Many of Thompson’s protagonists first appear to be dim blubs; working with one cylinder missing however, beneath the facade, there’s a psycho who is calculating, devious and most likely a killer. In 1955, Thompson published “After Dark, My Sweet.” Some thirty five years later, James Foley directed, and co-wrote with Robert Redlin, a screenplay, producing a near faithful adaption of Thompson’s hard-boiled novel. Having read the novel, I can verify the screenwriters used much of the original dialogue; it’s all pure, down and dirty. The movie is an uncompromising tale as any film noir from the golden age. Sadly, this film, when released in 1990, died at the box-office and is virtually forgotten even today. Continue reading
“Whiplash” is the kind of routine film that Warner Brothers pumped out weekly back in the 1930’s and 1940’s, the days before a television was standard in everyone’s home. Not saying this is as a bad thing or that “Whiplash” is a bad movie. It’s like the old saying goes, “They just don’t make’em like this anymore.” Now, no one is going to make the argument this is a great film but with that said, it does keep you interested despite its flaws, specifically a script that at times stretches the imagination in the believability department.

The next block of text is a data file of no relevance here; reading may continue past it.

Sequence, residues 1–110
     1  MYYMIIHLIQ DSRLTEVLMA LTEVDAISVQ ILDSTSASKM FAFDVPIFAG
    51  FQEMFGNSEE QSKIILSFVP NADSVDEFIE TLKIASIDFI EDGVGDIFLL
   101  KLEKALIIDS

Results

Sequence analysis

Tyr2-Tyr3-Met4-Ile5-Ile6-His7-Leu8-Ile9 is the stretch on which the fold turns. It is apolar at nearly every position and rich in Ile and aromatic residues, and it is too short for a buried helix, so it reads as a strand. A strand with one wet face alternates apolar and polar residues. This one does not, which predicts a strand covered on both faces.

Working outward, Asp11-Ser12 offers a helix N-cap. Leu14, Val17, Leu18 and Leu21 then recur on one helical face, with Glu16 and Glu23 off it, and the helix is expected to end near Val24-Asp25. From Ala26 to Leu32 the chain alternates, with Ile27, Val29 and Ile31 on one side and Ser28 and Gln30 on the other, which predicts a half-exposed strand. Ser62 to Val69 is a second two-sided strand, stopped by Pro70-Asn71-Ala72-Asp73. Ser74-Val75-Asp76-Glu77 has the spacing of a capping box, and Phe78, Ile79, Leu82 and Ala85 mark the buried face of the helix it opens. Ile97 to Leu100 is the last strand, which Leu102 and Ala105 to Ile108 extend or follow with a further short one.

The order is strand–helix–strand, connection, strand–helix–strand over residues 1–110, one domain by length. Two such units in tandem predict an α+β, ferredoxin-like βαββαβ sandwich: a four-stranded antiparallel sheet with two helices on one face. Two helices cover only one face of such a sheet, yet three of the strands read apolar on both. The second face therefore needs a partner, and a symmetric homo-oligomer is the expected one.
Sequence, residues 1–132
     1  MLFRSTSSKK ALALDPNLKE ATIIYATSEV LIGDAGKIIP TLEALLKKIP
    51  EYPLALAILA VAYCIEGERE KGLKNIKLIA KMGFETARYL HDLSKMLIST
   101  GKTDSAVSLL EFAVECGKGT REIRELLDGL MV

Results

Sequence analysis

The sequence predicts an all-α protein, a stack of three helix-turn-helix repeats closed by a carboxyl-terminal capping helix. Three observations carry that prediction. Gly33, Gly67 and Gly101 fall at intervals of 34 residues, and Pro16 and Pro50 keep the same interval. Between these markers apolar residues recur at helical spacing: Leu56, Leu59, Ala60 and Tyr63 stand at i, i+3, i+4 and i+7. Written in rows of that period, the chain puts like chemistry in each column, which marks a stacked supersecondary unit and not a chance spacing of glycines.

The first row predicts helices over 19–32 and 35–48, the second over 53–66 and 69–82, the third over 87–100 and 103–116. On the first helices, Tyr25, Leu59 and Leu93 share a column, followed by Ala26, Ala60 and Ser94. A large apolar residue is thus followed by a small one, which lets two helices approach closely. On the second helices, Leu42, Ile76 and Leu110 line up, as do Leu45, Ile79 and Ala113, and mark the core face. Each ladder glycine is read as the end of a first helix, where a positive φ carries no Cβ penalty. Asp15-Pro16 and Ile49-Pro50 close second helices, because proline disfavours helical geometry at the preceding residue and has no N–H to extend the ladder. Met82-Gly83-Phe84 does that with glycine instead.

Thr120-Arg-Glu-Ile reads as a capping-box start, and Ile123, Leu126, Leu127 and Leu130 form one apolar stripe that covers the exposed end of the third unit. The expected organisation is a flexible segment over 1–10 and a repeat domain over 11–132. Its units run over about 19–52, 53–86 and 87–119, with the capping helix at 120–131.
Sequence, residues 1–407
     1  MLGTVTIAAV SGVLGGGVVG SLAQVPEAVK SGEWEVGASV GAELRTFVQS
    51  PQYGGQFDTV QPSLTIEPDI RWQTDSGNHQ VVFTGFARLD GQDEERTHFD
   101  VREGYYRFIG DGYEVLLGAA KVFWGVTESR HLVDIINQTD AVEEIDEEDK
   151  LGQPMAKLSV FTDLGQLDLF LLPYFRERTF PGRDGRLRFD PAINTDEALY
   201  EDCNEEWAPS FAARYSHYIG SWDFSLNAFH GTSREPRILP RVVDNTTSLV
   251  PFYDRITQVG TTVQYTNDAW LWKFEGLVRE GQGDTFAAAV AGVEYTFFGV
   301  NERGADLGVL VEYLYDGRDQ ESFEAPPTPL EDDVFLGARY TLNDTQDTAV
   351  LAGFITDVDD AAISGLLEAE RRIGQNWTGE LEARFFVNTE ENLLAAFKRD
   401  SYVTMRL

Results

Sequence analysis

Dane Clark is a poor California artist named Mike Gordon who gets hooked on a tantalizing, mysterious woman named Laurie (Alexis Smith) who he met after finding out she bought one of his paintings. He convinces her to go out on a date and quicker than you can cook a three minute egg Gordon has fallen in love with the dame. Soon after, Laurie hastily, without a word, heads back to New York City only telling Mike they should not get involved. But Mike is already neck deep in love with her and follows his heart to the east coast. Continue reading
It’s time again for our annual Twenty Four Frames Top Ten List of Classic Films Watched… For The First Time. This is our fourth year presenting this list of the best films that I have finally managed to catch up with. As usual the films are in alphabetical order.
In 2013, the list was dominated by American films, unlike in 2012 when only three U.S. films made the list. There are two films from France and one film, a co-production, from the U.K. and India. The 1930’s and the 1950’s had the most films on the list with three each. Both the 1920’s and the 1980’s had tw0. There are 10 honorable mentions all of which are worthy works in and of themselves and deserve to be seen. For easy access, I have provided a link to all the films watched in 2013. http://twentyfourframes.wordpress.com/film-diary-2013/